GRAEME COUSINS talks to Norman Espie – a member of the Royal British Legion for almost 40 years, and its national standard bearer for the past six years
It takes a certain amount of dedication to be chosen to bear the standard for the Royal British Legion at its flagship remembrance service in London.
But to be picked for the honour for six consecutive years takes a level of commitment that is off the scale.
That has been the case for Northern Ireland man Norman Espie, who after six years as national standard bearer for Great Britain at the Festival of Remembrance, and another as deputy standard bearer, has decided to pursue a new goal with the Royal British Legion’s hierarchy.
Norman, a member of Cookstown Royal British Legion who joined at the age of 18, said: “To be chosen you have to enter a competition. You have to win your region first – that’s Northern Ireland – then you go on to compete against 10 other regional winners throughout Great Britain.
“It’s all based on drill movements and how you’re dressed.
“You’re inspected on every movement and you’re scrutinised from head to toe on the cleanliness of your attire.
“It really takes over your life as my wife would tell you.
“You have to be cleaning all the time to keep on top of it.
“At the end of the day to be number one you have to be gleaming.”
The 56-year-old said his time with the security forces set him in good stead for the requirements of a standard bearer: “I was in the UDR and RUC so I was used to the drills.
“The competition is really tough. You’re usually up against guardsmen, all ex-Army, so you’re up against it.
“It’s done annually. I’ve managed to win it six years in a row.
“At the last service I was the only standard bearer from Northern Ireland in London, along with Ellie Parke, who was National Youth Standard Bearer.”
Norman was accompanied at the service in the Royal Albert Hall on Saturday, November 10 by his wife Linda, to whom he has been married for 34 years, his daughter Laura and her husband Sam.
Looking back over six years as Royal British Legion National Standard Bearer, Norman said that it has been a tremendous privilege and honour to take part in many Royal British Legion ceremonial events in many places around the world.
The event was a particularly important and historic occasion for Norman because it was his last time ever to take part in this prestigious event which is attended each year by the Queen and members of the Royal Family.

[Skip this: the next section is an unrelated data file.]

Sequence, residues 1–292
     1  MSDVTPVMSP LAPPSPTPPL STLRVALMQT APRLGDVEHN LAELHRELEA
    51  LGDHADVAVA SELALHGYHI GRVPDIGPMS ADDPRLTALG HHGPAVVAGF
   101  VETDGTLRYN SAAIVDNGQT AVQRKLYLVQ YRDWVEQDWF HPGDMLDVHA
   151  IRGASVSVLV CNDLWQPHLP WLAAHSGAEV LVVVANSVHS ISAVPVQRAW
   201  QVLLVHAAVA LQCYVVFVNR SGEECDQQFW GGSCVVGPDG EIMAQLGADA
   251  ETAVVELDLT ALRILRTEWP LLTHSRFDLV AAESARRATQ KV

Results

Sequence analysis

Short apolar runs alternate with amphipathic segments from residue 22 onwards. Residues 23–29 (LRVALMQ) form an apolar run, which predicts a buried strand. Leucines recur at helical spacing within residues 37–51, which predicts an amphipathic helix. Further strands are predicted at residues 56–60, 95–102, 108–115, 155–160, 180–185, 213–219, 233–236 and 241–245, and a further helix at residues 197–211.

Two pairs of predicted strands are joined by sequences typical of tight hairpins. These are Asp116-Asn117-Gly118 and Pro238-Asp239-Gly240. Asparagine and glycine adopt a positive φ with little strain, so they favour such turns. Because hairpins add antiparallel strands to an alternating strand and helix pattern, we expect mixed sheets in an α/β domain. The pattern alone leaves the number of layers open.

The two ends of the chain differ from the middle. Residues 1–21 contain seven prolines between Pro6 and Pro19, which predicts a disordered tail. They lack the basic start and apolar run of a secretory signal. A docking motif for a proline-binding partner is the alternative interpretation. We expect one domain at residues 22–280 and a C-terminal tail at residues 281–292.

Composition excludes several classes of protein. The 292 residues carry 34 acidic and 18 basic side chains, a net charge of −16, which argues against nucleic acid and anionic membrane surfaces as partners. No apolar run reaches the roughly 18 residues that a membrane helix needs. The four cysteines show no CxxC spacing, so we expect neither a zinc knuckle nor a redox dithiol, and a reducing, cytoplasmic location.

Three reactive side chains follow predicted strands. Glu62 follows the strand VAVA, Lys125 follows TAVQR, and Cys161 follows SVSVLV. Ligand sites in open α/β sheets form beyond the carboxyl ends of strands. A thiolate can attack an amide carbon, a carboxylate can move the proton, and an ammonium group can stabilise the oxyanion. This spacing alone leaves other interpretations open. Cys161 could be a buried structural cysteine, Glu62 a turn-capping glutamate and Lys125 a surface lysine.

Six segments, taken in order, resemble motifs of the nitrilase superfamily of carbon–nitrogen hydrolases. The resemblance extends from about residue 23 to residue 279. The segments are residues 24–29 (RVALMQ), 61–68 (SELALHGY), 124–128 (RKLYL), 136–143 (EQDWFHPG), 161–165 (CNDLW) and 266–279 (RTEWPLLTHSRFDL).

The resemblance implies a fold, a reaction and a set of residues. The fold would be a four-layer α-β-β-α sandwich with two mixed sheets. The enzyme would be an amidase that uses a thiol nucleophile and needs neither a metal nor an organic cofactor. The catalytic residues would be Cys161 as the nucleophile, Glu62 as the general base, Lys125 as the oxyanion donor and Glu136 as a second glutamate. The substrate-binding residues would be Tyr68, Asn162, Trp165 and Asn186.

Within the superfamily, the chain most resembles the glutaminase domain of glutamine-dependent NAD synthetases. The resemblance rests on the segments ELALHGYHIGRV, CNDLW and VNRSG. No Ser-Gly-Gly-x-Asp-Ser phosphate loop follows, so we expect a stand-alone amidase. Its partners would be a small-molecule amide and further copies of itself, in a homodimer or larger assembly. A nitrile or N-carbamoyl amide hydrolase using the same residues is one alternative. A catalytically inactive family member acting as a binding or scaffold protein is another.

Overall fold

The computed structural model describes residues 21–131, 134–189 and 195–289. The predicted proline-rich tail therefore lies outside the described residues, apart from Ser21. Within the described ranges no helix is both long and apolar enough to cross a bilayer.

Speaking of his last ever time to take part in the Festival of Remembrance at the Royal Albert Hall in London, Norman said he felt particularly honoured to take part in this important historic event which marked the centenary of the Armistice.
He said: “It’s such a great event, but there was a bit of sadness this year because it was the last year and I know I’m going to miss it so much.”
Norman added: “We’ve started a training school for standard bearers in Cookstown.
“We’ve actually had five national standard bearers out of Cookstown – one from the women’s section, three national youth standard bearers, and then myself.”
Such is the reputation of the Cookstown branch for producing standard bearers that other regions have sought out their expertise.
“We’ve reached out from Cookstown and there’s other branches coming to us – from Dungannon, Aghadowey,” said Norman.
But for the Cookstown man, he has gone as far as he can go as a standard bearer.
He now aims to pass on his expertise and also train for a new role overseeing standard bearers.
He said: “I’ve decided to step down and do judging. I’m going to go for National Parade Marshall, basically over all the standard bearers.
“I’m doing my judge’s course in March, I’ve already done my parade marshall’s course (for which he received a Grade A).
“You have to get your Grade A on the judge course as well as the parade marshall course before you can apply for National Parade Marshall – the role only comes up every three years. ”
Throughout the course of his duties Norman has met some high-profile dignitaries: “Honestly, I’ve nearly met all the Royals.
“I actually had a conversation with Prince Harry.
“If you can believe it or not, he recognised my accent as being from Northern Ireland.
“He joked to me, saying, ‘you need to make sure and put the standard back into its sleeve when you go back into Northern Ireland’.”
Explaining what inspired him to join the Royal British Legion in Cookstown, Norman said: “When I was serving all the boys were socialising there. That’s where it started.
“Then I got more and more involved with it, a help out with the Poppy Appeal and other events.
“I’ve met so many friends down through the years, it’s a big family now.”
Norman has been a member of the legion since he was 18. In two years’ time he will celebrate 40 years’ membership though it was only in 2007 that he started his training to be a standard bearer.
That same year he won the Northern Ireland Standard Bearer competition and went on to win the National Standard Bearer competition.
During the last six years as National Standard Bearer, Norman has performed ceremonial duties as far afield as India, Italy, France, Belgium and Egypt.
His duties also involved taking part in several pilgrimages in which he took family members of war veterans to see the battle fields where their ancestors fought during World War One; other tours also included the World War Two D-Day Landing.
In August, Norman had the privilege of heading up some 1,100 standard bearers who took part in the Great Pilgrimage (GP90) at Menin Gate, Ypres.
A plumber by trade, Norman left his profession to join the RUC, but returned to plumbing in 1990.
Norman will retire as Royal British Legion National Standard Bearer in May 2019.